Silent Cranes addresses the centennial by saying that, without resolution, these horrific occurrences to the Armenian people are just as fresh as they were 100 years ago. Until we can acknowledge the events that happened and have an open dialogue about it, how can we ever expect to prevent further genocides from happening?

“Kouyoumdjian is a firm believer that approaching such controversial topics through the Arts opens opportunities for a conversation with audiences when words become too difficult to say or hear.”

What is your compositional process? How do you approach writing music – often wordlessly — that explores such controversial topics?

I’m fascinated by the idea of music as documentary, and right now, I’m most interested in sharing the stories of real people who have experienced something that needs to be heard. I’m not actively seeking out controversial topics to explore for the sake of being controversial, but with my parents and brother having lived in Beirut during the Lebanese Civil War, and with my grandparents/great grandparents having lived in Turkey during the Armenian Genocide, topics that stem from war and conflict naturally resonate with me. I enjoy gathering field recordings, because it connects me to the land and space I am in, and I enjoy gathering interviews and testimonies, because it connects me to people, and ultimately what I enjoy most about music is connecting with others.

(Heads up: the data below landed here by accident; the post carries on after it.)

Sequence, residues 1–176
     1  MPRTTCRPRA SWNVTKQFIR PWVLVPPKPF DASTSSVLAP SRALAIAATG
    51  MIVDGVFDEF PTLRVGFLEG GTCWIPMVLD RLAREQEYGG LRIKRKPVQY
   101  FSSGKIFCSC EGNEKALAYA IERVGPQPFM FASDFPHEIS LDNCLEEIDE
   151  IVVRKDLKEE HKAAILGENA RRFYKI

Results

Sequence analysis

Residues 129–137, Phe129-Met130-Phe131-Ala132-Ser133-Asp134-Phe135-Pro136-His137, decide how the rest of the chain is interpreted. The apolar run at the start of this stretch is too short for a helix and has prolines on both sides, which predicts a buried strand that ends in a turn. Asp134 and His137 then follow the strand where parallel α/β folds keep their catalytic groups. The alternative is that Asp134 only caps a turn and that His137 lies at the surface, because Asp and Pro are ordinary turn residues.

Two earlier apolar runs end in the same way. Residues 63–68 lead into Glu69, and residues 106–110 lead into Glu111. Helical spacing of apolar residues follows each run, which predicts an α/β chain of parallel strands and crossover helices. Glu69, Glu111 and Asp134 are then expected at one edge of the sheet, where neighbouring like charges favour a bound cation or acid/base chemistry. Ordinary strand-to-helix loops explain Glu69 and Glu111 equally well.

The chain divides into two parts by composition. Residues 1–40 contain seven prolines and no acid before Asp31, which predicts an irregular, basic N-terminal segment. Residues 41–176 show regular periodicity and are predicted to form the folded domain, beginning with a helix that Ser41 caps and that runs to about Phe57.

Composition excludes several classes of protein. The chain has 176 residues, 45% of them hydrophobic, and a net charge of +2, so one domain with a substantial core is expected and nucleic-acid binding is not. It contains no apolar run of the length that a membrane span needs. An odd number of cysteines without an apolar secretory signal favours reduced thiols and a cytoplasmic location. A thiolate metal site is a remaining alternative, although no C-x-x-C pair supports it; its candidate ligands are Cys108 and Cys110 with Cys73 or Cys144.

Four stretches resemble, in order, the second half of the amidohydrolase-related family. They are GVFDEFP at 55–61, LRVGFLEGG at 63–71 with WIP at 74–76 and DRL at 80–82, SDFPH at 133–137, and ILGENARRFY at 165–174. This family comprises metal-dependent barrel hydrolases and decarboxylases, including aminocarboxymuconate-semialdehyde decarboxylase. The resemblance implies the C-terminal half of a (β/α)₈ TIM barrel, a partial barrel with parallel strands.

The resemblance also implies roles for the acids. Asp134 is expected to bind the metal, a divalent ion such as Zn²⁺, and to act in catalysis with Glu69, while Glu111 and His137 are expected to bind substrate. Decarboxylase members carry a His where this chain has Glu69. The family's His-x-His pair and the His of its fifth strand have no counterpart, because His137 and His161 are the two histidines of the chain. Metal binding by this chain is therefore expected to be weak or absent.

Your work seems interested in exploring and reconciling notions of identity. Could you tell us about your background? What drew you to composition?

I grew up playing classical piano and electone organ, and it wasn’t until I started taking jazz piano lessons in high school when I became interested in composition. I had just watched the movie Rudy and fell in love with Jerry Goldsmith’s score, after which my jazz teacher blew my mind by saying that one could actually grow up and be a film composer! So, I pursued composition by getting a wonderfully zany and experimental education at UC San Diego, then a film scoring degree at NYU, moved to LA for a few years to dive into “the industry,” realized I wasn’t as crazy about the industry as I dreamed I would be, missed writing concert music terribly, and moved back to NYC where a new wave of new music had sprouted with an incredibly supportive and open-minded community of musicians that I continue to be happy to be a part of.

As far as “identity,” there’s a really great quote by composer Tigran Mansurian: “You bring things from your roots that you can be honest with.” I think this is so true, and it was the moment when I started writing about concepts that were a little closer to home that I felt my music spoke with the most integrity.

Interview: MV Carbon


Interdisciplinary artist and composer MV Carbon presents Long Range-Order and the Telekinesisyth as part of her Spring 2015 Residency from the Jerome Foundation at Roulette on Wednesday, May 13th

Could you please describe the program you will be presenting at Roulette?

Long Range-Order and the Telekinesisynth is a program made up of two acts that playfully investigate varying forms of transmission and the exchange of thought and emotion.  It comments on the physicality, form and effect of both antiquated and modern technological communication devices, as well as metaphysical forms of communication such as telepathy and telekinesis.

What is your background as a composer, sound artist, and visual artist?

As a child, I studied flute and learned to read music.  We had a piano at the house to play with.  My brother gave me guitar lessons and we would occasionally write songs together.  The idea of being a performer seemed natural to me from a very early age.  I still have many of the “scores” I wrote for voice and performance from that time.